I rebuilt a program at Farmingdale. We were a top 20 team nationally in junior college. At Hofstra, Jay and I rebuilt something together. At Fordham, even though the results didn’t turn out the way we had planned in year five, I felt confident going forward in years six, seven, the following years. The program was on steady ground to be rebuilt. There’s a blueprint for this, and I felt comfortable doing it. And I knew that it just was a place that was going to give the support to get it done.

What about your relationship with Baker. What’s that dynamic like?

It’s great. I remember Bake’s dad. He’s five years older than me. I was a kid, an eighth grader, and I remember watching his dad play at Nazareth High School in a Christmas tournament in Brooklyn. His father was the best player in New York City that year. One of. Him and a guy Butch Lee who played at Marquette. It’s an interesting relationship, in a very positive way. I think that he wouldn’t have brought me out here if he thought I was going to overstep my boundaries.

I am very aware of what my role is here, and how to be the best older assistant coach I can be without getting out of my lane. Stay in your lane. Understand what your job is. The great line is: ‘assistants give suggestions, head coaches make decisions.’ I’m quick to make suggestions to him, and he relies on me for a lot of things. That makes it good work. I feel positive about it, and I feel great about making a young coach get better every day.

You recruited Savion here. What is that process like when you’re trying to get a high school player to come here? How do you go about that?

It’s all about relationships. Savion and Tyreese Williams. His (Williams’) high school coach was my grad assistant at Hofstra. People at Cardinal Hayes, I’m very close with a number of board members there. So there’s long-standing relationship in the New York Catholic League. With Savion, I taught his high school coach when I was a middle school physical education teacher. His guidance counselor was a grad assistant at Hofstra when I was coaching at Hofstra.

There were a ton of connections there. That’s what this business is about, like any business. So much of it is about relationships and then about your body of work. When you can go into a gym and into a family’s home and you have a body of work where you can be trusted. When you have graduated 100% of your players. When they know the pedigree of Baker, and coming from Villanova. Obviously that’s something that’s very impressive to people. And they can just trust you. It really becomes a matter of trust.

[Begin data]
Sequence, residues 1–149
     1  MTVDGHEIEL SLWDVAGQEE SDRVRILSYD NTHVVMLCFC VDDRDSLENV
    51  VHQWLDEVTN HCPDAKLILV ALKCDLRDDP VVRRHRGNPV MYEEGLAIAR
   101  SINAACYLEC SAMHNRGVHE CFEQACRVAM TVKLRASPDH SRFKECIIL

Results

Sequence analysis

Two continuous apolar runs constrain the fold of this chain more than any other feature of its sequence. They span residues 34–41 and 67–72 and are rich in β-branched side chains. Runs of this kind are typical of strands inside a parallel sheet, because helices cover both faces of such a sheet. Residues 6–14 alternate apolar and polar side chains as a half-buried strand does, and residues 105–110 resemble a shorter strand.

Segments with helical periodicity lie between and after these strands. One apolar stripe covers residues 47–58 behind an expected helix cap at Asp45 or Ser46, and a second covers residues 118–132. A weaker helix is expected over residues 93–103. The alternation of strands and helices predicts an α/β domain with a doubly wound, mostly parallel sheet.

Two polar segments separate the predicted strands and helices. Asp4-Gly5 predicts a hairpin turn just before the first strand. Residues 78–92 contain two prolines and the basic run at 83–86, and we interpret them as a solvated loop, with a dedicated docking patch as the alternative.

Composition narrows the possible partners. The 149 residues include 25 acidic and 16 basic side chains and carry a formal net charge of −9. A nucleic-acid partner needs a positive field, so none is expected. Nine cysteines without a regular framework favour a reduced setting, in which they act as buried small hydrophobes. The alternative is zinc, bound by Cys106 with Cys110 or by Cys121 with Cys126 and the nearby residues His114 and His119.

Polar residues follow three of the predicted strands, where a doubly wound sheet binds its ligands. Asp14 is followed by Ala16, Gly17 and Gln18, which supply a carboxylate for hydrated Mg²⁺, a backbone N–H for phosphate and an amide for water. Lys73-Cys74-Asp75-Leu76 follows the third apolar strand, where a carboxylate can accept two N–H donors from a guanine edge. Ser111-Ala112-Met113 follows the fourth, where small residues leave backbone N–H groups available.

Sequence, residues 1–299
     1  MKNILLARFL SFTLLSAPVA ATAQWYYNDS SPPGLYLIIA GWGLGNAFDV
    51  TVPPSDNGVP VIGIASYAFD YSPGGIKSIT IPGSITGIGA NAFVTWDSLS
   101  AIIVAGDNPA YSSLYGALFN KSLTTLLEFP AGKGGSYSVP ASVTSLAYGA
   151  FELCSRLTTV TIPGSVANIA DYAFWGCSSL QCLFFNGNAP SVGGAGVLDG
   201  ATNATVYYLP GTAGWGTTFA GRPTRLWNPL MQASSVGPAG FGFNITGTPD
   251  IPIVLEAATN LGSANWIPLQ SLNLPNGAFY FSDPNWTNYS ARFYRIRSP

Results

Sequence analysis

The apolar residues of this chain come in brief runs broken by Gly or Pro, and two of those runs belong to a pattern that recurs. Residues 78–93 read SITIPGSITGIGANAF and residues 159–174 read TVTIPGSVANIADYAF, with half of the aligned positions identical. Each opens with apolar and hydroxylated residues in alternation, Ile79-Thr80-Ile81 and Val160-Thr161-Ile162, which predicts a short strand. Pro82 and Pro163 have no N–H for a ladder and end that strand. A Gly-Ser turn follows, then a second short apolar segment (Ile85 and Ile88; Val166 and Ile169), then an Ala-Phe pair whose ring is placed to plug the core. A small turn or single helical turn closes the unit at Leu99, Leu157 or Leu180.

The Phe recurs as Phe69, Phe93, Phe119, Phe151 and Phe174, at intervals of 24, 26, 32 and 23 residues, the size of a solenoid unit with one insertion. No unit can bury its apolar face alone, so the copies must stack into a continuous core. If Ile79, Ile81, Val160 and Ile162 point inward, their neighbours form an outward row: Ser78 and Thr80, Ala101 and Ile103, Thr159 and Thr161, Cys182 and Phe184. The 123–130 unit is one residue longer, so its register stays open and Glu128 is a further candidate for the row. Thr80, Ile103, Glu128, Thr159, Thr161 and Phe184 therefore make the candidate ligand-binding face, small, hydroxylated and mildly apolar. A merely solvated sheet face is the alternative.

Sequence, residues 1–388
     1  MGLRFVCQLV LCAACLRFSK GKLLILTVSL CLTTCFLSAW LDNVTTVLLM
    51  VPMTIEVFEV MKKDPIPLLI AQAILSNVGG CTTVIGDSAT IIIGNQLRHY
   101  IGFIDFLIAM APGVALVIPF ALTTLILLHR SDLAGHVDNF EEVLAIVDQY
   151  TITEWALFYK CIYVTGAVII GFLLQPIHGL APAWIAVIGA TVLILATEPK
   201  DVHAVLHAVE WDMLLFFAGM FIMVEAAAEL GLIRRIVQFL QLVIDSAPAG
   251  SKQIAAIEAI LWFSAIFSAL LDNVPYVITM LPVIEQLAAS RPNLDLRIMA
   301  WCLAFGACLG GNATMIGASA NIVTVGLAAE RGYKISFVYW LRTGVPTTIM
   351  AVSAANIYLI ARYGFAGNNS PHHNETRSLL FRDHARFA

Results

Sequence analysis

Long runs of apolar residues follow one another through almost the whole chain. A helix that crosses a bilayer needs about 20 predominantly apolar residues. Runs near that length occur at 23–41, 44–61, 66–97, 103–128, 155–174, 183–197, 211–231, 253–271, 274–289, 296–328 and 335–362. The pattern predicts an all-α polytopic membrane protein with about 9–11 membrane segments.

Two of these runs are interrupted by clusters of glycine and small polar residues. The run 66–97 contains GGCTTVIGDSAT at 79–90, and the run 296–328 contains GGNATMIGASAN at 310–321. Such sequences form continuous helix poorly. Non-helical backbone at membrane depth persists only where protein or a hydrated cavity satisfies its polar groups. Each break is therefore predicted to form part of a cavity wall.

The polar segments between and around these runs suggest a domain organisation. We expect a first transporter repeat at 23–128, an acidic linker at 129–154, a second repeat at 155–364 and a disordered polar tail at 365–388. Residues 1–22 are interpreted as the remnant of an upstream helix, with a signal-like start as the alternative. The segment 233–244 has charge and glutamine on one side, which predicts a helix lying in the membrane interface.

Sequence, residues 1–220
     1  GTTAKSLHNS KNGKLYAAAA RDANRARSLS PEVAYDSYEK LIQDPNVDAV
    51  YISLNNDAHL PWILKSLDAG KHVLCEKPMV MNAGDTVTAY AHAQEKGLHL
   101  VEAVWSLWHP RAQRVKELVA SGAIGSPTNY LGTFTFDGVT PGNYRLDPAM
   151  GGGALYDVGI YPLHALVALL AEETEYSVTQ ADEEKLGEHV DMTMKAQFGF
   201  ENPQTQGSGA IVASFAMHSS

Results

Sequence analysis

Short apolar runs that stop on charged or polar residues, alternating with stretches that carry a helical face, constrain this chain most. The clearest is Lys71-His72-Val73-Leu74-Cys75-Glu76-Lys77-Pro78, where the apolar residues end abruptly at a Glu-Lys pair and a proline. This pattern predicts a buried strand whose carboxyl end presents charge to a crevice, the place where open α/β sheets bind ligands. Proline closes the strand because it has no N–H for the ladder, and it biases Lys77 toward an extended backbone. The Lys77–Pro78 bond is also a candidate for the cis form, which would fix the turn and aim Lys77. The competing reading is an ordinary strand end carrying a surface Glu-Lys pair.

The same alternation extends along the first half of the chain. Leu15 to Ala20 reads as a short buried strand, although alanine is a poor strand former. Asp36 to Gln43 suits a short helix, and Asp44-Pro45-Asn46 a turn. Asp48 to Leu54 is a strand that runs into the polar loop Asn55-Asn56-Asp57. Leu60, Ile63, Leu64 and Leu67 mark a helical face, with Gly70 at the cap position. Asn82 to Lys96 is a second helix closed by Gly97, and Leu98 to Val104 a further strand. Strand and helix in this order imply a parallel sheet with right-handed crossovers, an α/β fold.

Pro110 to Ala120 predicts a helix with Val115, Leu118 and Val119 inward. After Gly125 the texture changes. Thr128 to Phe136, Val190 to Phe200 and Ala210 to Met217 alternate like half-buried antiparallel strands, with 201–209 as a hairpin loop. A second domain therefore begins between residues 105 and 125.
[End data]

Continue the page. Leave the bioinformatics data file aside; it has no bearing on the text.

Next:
And because they’re going to entrust their son in you for four years, and when you talk to them about the fact that everyone I’ve ever coached graduates. That’s the only way I know how to do it. That puts their mind at ease. And then you talk to them about the way you play basketball. And the way you’re going to treat their son, not only as an athlete, but off the court. It really just comes down to a matter of trust. Then you express to them, you give them some names and say ‘call this other player’s parents. Call this person that you know, mutually. Reach out to those people.’ The people say you can trust these guys.

Who has influenced you most in your career and why?

Rollie Massimino. He gave me my first break. I had an opportunity to work for Bob McKillop, who is now the head coach at Davidson, as a high school coach. Rollie Massimino and Jay Wright. Two guys that have won national championships and Bob McKillop’s been to the final eight. I’ve been blessed to work with really smart, motivated coaches. Coach Massimino took me in like a second son and gave me an opportunity that no one else would give me when he made me his assistant at UNLV. I was teaching kindergarten and coaching junior college. I owe him a lot.

What teams are you a fan of?

When I was ten, the Mets won the World Series. The Knicks won the World Championship. The Jets won the Super Bowl. I thought it was going to happen every year, and it hasn’t happened since.

What NBA player would you like to have dinner with?

I’ve had some with a couple present NBA players. I guess I would have to say LeBron. Just because he’s the man. My favorite players when I was a kid were Pete Maravich and Tiny Archibald. I’ve hung out with Tiny. I didn’t have the pleasure of meeting Maravich before he passed away.

Better pizza – Long Island or New Haven?

Brooklyn. There’s a bunch of spots that are pretty good in Brooklyn.

Favorite New York sports radio host?

Sports radio? Gotta be Mike. He’s the king of New York Sports radio. Although Michael Kay is very good too. He’s a Fordham grad. I became very good friends with him. I know they got a little turf war going on, but I think that’s good. I think that’s healthy. It keeps you motivated. It’s like a good sports rivalry.